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What is the Temporary Disability Assistance Program (TDAP)?
The Temporary Disability Assistance Program (TDAP) is available to help low-income, disabled Marylanders through a period of short-term disability or while they are awaiting approval of federal disability support. TDAP applies to individuals who are ineligible for other categories of assistance. The program is funded through the State of Maryland to provide help to individuals without dependent children.
TDAP provides cash benefits to eligible disabled individuals. Many figures used to calculate Temporary Disability Assistance Program (TDAP) benefits are revised periodically by the Department of Human Services, the state agency that administers the program. Updated figures can be found in the Code of Maryland Regulations Title 07, Subtitle 03, Chapter 05. Since TDAP is locally administered, contact your local department of social services for local requirements and available funding.
More information about this program is available on the Maryland Department of Human Services website.
Read the regulations: Code of Md. Regulations Title 07, Subtitle 03, Chapter 05
- be unable to work for at least three months due to medical condition (a licensed medical practitioner must complete a medical report); and
- have no children under 18 living with you.
TDAP applicants who are disabled for 12 months or more must file an application for Supplemental Security Income (SSI). TDAP recipients may receive benefits for only 12 months out of a 36-month period unless they are pursuing SSI.
Income - Countable income may not exceed $185.
All income that the client can actually use is considered available to the client. Net earned income and all unearned income, except SSI benefits, of the spouse with whom the client is living, is considered to be income to the client in the month received by the spouse. $185 of the spouse's income is disregarded. In-kind income, including vendor payments, third-party payments, and contributions of goods to the client, is not counted as income. There are also some other special sources of income, such as educational grants loans, and training stipends that do not count.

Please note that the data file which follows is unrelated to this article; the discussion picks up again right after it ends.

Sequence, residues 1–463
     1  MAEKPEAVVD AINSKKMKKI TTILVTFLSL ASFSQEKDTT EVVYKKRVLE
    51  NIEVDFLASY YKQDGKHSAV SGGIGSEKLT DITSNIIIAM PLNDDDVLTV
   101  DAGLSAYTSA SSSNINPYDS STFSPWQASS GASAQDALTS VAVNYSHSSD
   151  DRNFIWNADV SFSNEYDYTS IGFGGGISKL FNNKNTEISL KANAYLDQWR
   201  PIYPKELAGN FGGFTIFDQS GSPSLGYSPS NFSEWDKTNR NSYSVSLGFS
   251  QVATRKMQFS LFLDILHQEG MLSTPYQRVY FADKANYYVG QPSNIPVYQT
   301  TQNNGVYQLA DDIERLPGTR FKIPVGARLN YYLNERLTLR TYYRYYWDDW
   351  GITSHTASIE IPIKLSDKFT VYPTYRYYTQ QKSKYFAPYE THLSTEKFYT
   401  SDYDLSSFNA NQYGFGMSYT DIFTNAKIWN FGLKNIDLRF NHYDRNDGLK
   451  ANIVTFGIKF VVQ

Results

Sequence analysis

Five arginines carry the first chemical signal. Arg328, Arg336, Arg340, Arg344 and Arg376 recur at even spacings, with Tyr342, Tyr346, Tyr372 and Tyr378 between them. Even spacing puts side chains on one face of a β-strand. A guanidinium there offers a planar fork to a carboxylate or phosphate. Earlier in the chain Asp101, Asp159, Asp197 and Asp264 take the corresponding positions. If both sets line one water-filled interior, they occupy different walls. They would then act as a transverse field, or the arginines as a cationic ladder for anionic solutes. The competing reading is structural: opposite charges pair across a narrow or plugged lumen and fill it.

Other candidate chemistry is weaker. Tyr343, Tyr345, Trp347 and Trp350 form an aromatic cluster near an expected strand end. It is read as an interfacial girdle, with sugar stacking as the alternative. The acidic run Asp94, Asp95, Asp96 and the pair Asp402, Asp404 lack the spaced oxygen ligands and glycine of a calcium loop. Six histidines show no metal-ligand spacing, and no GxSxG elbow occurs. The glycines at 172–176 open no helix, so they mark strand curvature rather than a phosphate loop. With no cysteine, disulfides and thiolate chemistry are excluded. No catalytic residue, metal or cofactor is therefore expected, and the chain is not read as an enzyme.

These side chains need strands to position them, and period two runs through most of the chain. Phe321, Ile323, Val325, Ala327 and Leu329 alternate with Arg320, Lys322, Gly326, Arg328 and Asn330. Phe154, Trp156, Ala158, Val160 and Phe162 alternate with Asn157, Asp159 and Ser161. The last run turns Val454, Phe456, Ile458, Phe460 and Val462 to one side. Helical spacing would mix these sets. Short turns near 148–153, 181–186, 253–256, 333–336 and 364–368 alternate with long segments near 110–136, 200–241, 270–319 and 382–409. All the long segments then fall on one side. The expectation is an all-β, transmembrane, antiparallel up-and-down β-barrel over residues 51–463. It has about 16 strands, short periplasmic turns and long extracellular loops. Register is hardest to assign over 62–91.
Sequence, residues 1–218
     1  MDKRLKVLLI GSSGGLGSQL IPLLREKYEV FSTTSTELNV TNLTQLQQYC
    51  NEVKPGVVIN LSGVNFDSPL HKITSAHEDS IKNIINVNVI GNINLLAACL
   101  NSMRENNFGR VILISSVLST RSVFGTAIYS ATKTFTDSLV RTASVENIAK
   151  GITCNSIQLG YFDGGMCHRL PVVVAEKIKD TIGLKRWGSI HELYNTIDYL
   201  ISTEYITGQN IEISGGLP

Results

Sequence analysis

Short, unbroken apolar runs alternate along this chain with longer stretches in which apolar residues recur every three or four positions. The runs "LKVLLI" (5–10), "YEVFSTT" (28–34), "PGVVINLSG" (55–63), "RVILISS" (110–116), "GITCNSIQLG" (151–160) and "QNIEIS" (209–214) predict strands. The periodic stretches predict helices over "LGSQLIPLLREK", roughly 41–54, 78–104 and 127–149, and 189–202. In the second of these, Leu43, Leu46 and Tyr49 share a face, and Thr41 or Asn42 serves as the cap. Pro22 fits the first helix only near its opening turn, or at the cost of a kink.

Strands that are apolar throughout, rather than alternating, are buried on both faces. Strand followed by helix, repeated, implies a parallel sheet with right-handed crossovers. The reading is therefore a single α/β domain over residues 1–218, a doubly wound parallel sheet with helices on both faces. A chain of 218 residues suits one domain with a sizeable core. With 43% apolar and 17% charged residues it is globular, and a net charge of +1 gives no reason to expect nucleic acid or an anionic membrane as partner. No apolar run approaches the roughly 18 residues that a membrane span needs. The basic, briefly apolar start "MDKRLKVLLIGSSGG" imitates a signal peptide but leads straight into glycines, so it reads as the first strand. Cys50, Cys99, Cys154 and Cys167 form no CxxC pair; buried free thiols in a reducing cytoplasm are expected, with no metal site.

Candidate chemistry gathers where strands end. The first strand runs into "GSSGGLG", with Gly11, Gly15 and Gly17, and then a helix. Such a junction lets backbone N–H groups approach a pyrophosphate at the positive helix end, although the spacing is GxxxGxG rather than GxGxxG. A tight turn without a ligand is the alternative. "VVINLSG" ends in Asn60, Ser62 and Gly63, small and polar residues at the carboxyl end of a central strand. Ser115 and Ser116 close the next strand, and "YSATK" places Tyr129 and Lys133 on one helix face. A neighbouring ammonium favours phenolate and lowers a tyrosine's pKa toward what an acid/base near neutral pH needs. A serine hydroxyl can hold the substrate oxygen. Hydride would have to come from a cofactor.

Assets - Resources must not exceed $1,500 in monthly assets. An asset is not counted unless it is actually available to you. You may have to prove that you cannot sell the asset. Some assets are never counted, including your home; household goods and personal items you use in day-to-day living, such as clothing and furniture; one motor vehicle regardless of value; the cash value of one life insurance policy; one burial plot; and limited funds set aside in a separate fund for burial expenses.
Apply at your local department of social services office. You may also file an application by mail, fax or other electronic means or someone may drop an application off for you.
You can appeal any denial, termination, or reduction of benefits
- Appeals must be filed in writing at the DSS office. It is best to file it in person and to get a receipt showing that you filed the appeal.
- Appeals must be filed within 90 days of the action, or you cannot appeal.
- If you file within 10 days of notice that benefits are being terminated or reduced, and you ask that the benefits continue until the appeal decision is made, they will continue until the decision. If you do not want benefits to continue following the decision, you must specifically request that they do not continue. If you do not appeal within 10 days, the termination or reduction will happen.